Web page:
Samuel Udofia: Surprisingly, I never expected that urbanization would have grown that fast in Lagos as of 1964.
Maggie Andresen: Looking at the color-coded maps corresponding with the studied years 1897 and 1964, the former was almost entirely covered in mangrove and vegetation areas. Small red markings signifying community settlements are peppered around the Lagos mainland and islands. By 1964, a blaze of red covers half the city.
Samuel Udofia: As of 1964, even though it's a long time, but the urbanization had already taken over the entire, you know, the entire area, the entire state. Then again, the way the wetlands have been reclaimed too is alarming.
Alade Adeleke: They cannot be the one that will actually destroy much of the mangroves.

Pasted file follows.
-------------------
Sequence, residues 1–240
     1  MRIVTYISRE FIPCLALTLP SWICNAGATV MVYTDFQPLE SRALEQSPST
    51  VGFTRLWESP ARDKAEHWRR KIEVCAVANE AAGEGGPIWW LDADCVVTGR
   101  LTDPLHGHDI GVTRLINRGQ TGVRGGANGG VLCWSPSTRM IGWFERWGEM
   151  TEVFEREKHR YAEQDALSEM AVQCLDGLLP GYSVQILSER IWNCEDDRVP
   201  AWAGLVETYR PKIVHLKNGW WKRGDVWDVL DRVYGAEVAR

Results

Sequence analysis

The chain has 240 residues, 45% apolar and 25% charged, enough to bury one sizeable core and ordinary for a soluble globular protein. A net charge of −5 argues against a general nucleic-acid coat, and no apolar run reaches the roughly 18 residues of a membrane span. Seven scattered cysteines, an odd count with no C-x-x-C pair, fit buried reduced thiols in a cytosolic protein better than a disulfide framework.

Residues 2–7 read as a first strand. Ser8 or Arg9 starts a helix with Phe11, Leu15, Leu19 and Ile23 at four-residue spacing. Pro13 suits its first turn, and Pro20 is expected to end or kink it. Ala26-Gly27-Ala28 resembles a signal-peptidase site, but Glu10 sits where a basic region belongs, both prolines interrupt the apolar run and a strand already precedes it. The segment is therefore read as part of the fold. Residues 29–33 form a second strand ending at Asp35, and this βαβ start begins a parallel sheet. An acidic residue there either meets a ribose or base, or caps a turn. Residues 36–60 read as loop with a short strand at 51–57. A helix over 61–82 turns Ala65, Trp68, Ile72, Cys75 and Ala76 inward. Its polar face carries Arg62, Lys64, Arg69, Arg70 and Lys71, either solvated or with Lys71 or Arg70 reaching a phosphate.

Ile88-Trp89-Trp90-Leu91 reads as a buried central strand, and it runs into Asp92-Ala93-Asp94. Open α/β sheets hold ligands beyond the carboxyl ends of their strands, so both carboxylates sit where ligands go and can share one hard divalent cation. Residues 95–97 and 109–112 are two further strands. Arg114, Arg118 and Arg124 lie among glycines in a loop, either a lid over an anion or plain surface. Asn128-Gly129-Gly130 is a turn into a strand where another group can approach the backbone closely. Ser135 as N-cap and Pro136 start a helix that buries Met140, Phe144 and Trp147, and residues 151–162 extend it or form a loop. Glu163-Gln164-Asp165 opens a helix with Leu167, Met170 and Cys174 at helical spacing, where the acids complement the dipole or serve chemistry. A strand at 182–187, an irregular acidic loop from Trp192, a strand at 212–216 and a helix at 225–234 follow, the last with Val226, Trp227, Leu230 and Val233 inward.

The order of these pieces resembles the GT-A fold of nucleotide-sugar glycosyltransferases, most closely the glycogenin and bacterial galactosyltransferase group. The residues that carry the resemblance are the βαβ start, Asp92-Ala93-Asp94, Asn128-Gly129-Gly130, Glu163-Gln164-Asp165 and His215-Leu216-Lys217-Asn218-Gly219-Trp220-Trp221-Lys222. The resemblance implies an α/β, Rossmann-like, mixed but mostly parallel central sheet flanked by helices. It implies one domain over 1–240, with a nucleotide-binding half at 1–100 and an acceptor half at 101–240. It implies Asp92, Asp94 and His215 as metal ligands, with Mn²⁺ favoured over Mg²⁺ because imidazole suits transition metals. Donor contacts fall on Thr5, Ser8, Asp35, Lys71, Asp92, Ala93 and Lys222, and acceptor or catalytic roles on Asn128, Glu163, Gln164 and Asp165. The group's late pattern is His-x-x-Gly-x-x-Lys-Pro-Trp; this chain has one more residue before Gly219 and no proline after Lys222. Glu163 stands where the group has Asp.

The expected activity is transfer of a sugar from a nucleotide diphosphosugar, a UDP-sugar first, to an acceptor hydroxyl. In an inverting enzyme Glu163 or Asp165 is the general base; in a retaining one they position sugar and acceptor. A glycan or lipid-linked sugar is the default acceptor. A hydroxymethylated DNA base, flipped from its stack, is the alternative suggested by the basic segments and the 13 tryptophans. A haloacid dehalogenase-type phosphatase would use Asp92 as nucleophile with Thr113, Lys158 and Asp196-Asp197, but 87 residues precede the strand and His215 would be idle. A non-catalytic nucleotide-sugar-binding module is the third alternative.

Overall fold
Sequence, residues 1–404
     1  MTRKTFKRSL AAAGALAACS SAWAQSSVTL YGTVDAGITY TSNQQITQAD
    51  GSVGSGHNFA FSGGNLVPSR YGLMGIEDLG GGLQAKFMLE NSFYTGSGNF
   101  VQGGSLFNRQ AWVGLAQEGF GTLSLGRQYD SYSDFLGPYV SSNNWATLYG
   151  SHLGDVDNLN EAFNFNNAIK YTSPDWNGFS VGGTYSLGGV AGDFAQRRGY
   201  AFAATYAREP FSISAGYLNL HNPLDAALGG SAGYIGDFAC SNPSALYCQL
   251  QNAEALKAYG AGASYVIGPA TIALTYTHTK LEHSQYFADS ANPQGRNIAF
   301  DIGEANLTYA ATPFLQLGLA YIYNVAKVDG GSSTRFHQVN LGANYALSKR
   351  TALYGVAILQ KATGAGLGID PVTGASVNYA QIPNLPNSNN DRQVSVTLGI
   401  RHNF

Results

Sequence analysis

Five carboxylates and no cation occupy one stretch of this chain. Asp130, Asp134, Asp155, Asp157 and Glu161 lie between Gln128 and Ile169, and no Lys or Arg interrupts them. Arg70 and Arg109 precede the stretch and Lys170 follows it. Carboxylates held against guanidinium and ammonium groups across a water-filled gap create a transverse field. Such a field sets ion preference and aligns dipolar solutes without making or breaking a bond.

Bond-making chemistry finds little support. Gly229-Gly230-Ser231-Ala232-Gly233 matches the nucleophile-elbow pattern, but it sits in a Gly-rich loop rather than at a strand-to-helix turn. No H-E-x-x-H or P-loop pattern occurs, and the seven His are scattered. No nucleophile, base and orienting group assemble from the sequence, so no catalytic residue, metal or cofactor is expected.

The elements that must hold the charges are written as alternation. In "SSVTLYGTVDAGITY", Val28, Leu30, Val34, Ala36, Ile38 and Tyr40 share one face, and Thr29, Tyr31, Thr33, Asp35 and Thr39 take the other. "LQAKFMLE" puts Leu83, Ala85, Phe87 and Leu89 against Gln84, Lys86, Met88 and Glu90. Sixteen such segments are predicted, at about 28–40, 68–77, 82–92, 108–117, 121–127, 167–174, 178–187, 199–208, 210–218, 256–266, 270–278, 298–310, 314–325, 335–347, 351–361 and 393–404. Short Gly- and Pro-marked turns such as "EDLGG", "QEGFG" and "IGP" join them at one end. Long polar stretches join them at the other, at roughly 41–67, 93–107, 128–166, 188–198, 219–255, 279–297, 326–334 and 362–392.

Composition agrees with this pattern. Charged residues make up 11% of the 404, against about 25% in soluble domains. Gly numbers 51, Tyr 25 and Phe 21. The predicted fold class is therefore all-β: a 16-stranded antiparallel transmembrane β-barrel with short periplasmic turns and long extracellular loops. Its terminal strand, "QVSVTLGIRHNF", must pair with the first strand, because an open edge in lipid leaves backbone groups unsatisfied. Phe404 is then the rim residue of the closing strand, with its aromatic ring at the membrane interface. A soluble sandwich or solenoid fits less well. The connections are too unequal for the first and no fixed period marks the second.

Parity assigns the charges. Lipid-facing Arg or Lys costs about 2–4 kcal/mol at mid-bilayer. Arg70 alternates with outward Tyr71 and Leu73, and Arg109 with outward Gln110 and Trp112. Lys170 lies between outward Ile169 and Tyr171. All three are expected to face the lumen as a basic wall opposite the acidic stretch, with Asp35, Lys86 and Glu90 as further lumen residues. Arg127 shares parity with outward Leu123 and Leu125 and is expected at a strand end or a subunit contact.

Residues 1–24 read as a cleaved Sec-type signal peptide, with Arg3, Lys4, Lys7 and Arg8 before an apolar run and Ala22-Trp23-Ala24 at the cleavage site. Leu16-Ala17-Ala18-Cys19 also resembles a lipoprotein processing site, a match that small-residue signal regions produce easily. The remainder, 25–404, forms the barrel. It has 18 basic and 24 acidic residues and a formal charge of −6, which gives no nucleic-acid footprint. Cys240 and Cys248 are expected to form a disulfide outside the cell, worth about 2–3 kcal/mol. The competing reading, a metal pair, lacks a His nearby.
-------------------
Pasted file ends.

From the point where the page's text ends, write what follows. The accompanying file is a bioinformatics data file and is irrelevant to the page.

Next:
Maggie Andresen: That's conservationist Alade Adeleke.
Alade Adeleke: What do destroy are factors far away from the communities. Decisions that are taken from far away. And decisions that are taken by powerful people. Those that can either co-opt the community leaders, or settle the community leaders, or bribe the community leaders. Not decisions taken by communities.
Maggie Andresen: Even when development does arrive in these off-grid areas, critical decisions about build-up are often left out of the hands of communities. What was once a sustainable relationship allowing for continued germination of mangroves is lost to construction that destroys coastal forests from the root.